Pack it up

During the last Modern Woodworkers Association podcast, Roy Underhill engaged us in an interesting discussion about hand tools.  No, it had nothing to do about them being superior to power tools, although he did allude to that later on.

Roy in a box

No, this part of the conversation was about their portability.

Think about one of the most commonly heard complaints by woodworkers.  No, it’s not the ‘I don’t have enough clamps,’ one… Instead, it’s usually about the quest for more shop space, especially as it pertains to stationary power tools.

Add a table saw? You need more space. Adding a jointer? More space. Bandsaw? You betcha…

A classic old tool chestThis can be avoided if you worked primarily with portable power tools, such as track saws, jigsaws and routers. Yes, you need some type of solid work surface – such as a workbench – to work safely and accurately, but you can limit how much the shop grows.

Hand tools – their very nature – don’t require much more than you would need to use for portable power tools. A solid work surface or two. Add enough space to place a chest of hand tools, and you are in business. Some of these hand tool chests, when well built and organized, could (and have) hold all of the tools that a skilled cabinetmaker would need in his or her lifetime.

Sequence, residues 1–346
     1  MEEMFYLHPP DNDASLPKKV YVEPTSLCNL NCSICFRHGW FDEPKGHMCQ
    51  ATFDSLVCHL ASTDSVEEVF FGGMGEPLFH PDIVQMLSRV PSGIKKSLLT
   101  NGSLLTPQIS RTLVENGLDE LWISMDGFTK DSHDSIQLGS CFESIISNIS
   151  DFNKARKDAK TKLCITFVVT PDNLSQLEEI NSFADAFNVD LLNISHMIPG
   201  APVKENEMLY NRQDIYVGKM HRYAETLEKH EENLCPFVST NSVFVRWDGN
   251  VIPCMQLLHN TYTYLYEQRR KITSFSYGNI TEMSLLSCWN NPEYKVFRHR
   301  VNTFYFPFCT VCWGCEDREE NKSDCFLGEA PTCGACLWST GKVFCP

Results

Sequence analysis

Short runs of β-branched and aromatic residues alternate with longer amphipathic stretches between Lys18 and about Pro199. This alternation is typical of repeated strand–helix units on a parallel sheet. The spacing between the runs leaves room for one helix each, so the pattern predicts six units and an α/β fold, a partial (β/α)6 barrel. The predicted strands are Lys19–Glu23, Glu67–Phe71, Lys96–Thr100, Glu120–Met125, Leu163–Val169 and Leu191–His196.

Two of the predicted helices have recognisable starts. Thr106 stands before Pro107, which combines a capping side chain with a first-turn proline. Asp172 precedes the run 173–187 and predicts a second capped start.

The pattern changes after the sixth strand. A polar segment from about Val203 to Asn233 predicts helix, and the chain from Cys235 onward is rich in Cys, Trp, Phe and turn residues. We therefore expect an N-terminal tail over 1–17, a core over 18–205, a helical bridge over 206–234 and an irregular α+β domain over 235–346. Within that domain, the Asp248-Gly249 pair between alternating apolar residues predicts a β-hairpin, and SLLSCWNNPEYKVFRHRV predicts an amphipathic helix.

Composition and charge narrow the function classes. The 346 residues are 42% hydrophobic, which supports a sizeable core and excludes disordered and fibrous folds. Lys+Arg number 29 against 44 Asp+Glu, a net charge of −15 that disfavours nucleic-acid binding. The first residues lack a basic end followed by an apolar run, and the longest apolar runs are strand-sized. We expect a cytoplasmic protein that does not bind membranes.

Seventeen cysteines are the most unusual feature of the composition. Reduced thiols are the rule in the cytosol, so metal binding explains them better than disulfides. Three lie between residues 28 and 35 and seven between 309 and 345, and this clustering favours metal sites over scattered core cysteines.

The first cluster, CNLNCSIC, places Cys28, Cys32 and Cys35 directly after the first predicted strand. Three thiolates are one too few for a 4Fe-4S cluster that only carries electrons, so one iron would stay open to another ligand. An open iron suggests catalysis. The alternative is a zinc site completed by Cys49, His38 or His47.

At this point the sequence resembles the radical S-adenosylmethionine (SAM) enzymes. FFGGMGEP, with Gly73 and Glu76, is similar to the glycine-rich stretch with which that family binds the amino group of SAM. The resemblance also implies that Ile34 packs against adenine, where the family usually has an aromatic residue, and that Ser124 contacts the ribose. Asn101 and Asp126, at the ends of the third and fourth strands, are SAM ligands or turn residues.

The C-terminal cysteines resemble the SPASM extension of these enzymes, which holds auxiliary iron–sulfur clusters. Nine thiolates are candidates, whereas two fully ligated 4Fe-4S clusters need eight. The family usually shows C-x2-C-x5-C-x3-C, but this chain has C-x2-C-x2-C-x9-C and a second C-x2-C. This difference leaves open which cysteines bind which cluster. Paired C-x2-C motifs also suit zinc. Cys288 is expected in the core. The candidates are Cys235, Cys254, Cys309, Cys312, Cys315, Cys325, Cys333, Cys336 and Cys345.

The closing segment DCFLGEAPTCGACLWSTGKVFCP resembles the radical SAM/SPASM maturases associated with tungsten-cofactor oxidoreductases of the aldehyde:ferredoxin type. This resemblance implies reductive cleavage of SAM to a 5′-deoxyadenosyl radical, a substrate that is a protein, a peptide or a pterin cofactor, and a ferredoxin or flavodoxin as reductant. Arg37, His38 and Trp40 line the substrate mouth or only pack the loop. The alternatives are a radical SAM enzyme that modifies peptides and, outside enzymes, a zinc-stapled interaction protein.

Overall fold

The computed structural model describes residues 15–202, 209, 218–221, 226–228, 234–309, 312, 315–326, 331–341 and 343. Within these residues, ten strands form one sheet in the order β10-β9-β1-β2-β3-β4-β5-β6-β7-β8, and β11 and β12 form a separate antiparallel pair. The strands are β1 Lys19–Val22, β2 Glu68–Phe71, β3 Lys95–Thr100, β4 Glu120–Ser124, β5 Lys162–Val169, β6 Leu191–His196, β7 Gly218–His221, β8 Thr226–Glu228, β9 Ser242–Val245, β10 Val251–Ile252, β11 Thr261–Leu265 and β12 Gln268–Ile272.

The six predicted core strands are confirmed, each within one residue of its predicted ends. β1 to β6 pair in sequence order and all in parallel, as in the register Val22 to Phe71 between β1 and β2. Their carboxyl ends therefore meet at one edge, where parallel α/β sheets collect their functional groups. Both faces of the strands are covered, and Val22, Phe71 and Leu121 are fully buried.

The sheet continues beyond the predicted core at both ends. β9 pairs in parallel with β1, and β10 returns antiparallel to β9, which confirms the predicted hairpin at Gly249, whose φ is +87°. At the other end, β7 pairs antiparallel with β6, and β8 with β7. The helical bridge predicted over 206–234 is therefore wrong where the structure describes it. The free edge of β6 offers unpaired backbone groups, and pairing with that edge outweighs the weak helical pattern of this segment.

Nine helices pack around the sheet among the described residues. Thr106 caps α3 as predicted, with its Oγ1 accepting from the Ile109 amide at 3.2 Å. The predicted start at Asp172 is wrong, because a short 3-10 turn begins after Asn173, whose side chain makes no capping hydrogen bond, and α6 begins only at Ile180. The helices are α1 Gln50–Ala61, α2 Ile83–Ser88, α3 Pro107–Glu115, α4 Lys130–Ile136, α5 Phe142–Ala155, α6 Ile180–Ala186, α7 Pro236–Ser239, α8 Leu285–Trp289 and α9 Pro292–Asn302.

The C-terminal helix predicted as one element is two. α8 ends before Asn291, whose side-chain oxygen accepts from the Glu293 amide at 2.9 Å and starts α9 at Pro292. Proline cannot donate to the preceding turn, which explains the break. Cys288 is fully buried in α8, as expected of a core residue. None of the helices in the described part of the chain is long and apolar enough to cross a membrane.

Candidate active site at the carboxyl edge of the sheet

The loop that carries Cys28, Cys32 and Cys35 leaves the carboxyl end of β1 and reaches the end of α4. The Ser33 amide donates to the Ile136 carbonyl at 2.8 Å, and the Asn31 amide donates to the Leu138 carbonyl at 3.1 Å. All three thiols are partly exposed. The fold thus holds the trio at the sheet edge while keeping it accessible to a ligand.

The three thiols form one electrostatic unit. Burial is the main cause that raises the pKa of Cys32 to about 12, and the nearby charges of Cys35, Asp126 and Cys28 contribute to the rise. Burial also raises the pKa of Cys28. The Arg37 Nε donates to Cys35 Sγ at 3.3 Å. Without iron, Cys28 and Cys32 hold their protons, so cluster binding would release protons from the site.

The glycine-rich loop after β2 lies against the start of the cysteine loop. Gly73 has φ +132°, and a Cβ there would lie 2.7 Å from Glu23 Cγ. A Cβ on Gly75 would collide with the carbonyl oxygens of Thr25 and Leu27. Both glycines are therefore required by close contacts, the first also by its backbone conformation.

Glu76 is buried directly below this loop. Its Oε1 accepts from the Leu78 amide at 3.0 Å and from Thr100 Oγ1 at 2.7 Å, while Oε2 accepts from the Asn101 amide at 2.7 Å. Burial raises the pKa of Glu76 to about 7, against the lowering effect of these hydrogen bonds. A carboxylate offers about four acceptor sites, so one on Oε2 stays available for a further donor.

A well-loved tool chestOf course, when you throw in items such as pole or treadle lathes, the space requirement does grow, but it’s incredible still to think that woodworking can happen even in some of the most modestly sized places.

Hand tools in a drawerThis week, at Woodworking in America, I hope to pick the brains of a few skilled hand tool woodworkers to see how they stock their tool chests. I’d love to see how they make their magic – and keep the tools to make it in a smallish tool chest…


3 thoughts on “Pack it up”

  1. Tom, the challenge is balancing portability and sufficient size for the tools you’ll use. Then comes all the design preferences for how you choose to store the tools. I have two chests and the second one came about because of a need for greater portability when taking chair making classes. Another aspect is that our focus in building furniture can change in a lifetime and so we need more storage or another tool chest. Thanks, Jim

  2. Tom, How much do you think a tool box like the one in your picture is worth. I have one in my garage that was my Great Granfathers. Power tools do take up a lot of space.

  3. Absolutely no idea. You might want to try looking on a site like eBay… there, you can get a good idea for what the going rate is…

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